For legumes, cut before seed pods start to form, generally before 50% bloom.
Favas will tend to resprout if you don’t pull up the whole plant. Can get more total N and organic matter by allowing them to regrow, but keeps bed out of commission longer.
Grasses can re-root if you pull them out and leave them lying on the ground.
Allow time to decay before planting. Otherwise, soil bacteria will have so much carbon (in the form of all that cover crop material) to decompose that they will draw nitrogen from the soil, as well as from the cover crop itself. This means there will not be N in the soil available for your plants. Once the decomp is complete, the bacteria die, are eaten by the denitrifying bacteria, and the nitrogen in their bodies becomes available in the soil.
Before we go on to bed preparation, take a few moments to look over key ideas 3-5 related to soil amendments and fertilizers, to be sure they are clear. Could you explain them to a gardening friend not in this class? Ask someone near you to compare ideas, if you wish. I’ll take questions after 3-4 minutes.
Plants need 17 chemical elements for growth and development. Adding these elements to meet plant needs is called fertilization.
Fertilizing is different from amending the soil, which is adding something to improve soil texture or availability of nutrients that are already in the soil or being added to it. Compost is our amendment of choice, but it provides very low levels of plant nutrients.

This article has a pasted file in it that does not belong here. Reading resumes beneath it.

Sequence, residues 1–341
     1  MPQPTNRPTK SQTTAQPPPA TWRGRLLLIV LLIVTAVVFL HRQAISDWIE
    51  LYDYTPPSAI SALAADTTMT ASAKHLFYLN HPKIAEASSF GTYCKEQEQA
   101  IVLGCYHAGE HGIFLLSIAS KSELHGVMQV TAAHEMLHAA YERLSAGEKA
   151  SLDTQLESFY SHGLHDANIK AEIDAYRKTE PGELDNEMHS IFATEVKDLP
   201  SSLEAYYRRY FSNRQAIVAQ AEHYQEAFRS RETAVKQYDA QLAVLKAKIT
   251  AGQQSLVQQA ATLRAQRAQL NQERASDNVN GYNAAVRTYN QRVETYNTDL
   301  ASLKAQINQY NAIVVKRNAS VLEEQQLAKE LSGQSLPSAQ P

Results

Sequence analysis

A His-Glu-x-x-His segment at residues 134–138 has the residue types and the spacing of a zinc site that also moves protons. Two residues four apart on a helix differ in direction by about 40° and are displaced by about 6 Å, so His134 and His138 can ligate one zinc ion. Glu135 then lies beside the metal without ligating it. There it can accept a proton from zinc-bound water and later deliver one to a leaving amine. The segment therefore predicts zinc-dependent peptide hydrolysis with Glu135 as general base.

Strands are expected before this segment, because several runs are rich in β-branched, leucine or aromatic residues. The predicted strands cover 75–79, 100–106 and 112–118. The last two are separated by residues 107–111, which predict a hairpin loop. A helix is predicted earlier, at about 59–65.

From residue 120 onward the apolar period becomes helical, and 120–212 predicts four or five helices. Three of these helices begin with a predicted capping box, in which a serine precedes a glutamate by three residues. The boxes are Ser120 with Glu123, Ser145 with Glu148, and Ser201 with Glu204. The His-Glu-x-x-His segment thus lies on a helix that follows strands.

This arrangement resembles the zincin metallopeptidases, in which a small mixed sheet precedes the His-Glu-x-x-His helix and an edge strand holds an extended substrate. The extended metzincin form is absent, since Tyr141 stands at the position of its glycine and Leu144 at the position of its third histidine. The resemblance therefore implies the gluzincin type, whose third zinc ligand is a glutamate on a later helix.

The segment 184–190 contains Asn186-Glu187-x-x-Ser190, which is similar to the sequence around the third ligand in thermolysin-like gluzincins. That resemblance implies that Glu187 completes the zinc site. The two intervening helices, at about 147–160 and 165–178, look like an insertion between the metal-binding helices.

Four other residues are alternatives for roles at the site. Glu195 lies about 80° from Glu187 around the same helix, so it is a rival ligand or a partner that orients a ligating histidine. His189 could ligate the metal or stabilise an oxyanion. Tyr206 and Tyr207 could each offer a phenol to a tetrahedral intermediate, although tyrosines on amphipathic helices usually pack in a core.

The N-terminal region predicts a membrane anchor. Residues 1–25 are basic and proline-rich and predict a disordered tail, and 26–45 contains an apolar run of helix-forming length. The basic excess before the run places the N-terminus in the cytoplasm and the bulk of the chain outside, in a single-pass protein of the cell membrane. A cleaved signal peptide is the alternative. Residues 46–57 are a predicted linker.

Of the 17 elements needed by plants, 3-- carbon, oxygen, and hydrogen--are taken from air. Remaining 14 come from soil, absorbed by plant roots. All essential, but different amounts required.
NPK (nitrogen, phosphorus, and potassium) are the 3 primary nutrients, amounts needed are largest. (Blue are secondary nutrients, red are micronutrients.) Generally CA soils have sufficient P and K. Nitrogen in form available to plants is very water soluble and easily leached out. Must be replaced every time you plant.
Complete fertilizers, organic or chemical, contain these three nutrients: 10-10-10 refers to the percent by weight of these three nutrients in the fertilizer, in the order N-P-K. (For reference, if needed: N as N, P as P2O5, K as K2O.)
Also can get chemical or organic fertilizers that are essentially single nutrient fertilizers (show alfalfa--on tables--and K2SO4).
This is when high C/N ratio organic matter is added. Microorganisms compete with plants for nitrogen. Takeaway: don’t add high-carbon items to soil when you put in a new plant, especially those that have high nitrogen needs. Eg wood chips. Composting reduces C/N ratio.
Learn to recognize nutrient deficiencies in plants
Plants let us know what they need
Feed the soil VS feed the plant – typically determined again by pH